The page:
At the receiver **32**, the communication(s), possibly along with other transmitters' communications, are received at an antenna **40** or antenna array of the receiver **32**. The received signal is sampled by a sampling device **42**, such as at the chip rate or at a multiple of the chip rate, to produce a received vector. The received vector is processed by a channel estimation device **46** to estimate the channel impulse responses for the received communications. The channel estimation device **46** uses a training sequence in the received communication to estimate the channel experienced by each communication. A data detection device **44**, such as a joint detection device, uses the code(s) of the received communication(s) and the estimated impulse response(s) to estimate soft symbols of the spread data.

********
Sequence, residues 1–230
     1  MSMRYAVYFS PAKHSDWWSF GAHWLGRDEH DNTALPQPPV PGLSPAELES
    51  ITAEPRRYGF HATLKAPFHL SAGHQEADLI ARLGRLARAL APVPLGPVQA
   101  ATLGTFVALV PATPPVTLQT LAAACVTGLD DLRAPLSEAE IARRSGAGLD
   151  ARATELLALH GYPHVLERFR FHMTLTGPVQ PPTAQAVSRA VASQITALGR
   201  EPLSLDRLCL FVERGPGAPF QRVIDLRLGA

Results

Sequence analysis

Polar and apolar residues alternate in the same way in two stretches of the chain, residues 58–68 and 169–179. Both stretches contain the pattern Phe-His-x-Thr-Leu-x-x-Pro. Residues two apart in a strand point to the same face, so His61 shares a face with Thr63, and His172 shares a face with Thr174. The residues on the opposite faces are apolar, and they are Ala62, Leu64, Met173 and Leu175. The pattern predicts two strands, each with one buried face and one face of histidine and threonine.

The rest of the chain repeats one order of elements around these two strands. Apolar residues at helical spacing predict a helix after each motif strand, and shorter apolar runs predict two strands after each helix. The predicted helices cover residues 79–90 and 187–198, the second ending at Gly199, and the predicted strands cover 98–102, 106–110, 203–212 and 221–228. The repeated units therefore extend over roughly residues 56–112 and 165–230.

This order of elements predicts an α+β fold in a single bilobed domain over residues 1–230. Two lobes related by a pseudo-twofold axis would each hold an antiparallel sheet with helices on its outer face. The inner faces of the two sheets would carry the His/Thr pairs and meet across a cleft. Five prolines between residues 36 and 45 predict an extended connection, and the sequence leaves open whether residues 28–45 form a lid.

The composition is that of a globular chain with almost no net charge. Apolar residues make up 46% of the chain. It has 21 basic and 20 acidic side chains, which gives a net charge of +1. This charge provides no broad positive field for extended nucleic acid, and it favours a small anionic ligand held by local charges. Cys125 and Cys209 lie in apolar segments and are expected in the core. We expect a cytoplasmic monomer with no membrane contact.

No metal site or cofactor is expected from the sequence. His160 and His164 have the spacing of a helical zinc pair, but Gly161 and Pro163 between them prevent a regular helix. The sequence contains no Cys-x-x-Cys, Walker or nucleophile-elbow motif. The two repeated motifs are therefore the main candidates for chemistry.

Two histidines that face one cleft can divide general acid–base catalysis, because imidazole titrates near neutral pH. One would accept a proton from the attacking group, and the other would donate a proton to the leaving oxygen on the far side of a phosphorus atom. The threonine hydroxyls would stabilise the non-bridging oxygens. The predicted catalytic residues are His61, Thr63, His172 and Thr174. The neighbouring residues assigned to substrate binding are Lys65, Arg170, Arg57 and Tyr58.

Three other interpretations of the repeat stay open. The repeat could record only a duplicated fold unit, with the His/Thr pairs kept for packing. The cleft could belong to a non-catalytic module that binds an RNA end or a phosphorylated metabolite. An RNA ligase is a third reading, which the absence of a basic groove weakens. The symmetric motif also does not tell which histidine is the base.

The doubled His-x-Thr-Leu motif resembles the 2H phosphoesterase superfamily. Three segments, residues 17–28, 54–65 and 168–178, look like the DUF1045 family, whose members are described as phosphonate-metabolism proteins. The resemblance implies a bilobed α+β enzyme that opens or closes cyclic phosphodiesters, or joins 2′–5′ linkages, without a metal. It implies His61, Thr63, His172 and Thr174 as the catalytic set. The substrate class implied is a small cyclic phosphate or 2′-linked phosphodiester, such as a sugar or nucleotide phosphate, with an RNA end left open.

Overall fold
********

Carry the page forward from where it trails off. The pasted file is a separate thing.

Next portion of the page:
Each set of the N multiple chip rate samples is input into a Steiner algorithm block **50** _{1}-**50** _{N }(**50**). For each set of samples, the Steiner algorithm uses all the possible midamble shifts to estimate the channel for each midamble shift. Each set's channel estimates are processed by a noise estimator **52** _{1}-**52** _{N }(**52**) to estimate the noise, as a noise variance (σ^{2}), in the estimates. Using the noise estimate σ^{2}, the channel estimates are compared to a first threshold derived from the noise estimate. Estimates less than the first threshold are eliminated by a post processing blocks **54** _{1}-**54** _{N }(**54**). Some of the estimates correspond to multipaths of the transmitted signals and other estimates result from noise. By eliminating estimates below the first threshold, the post processing block **54** filters out the noise to improve the midamble detection process. When received bursts experience a different channel response, such as in the uplink for the third generation partnership project (3GPP) TDD mode, preferred values for the first threshold are 0.0063 σ^{2 }for burst type I and 0.015 σ^{2 }for burst type II, although the thresholds for this type of implementation as well as others may vary.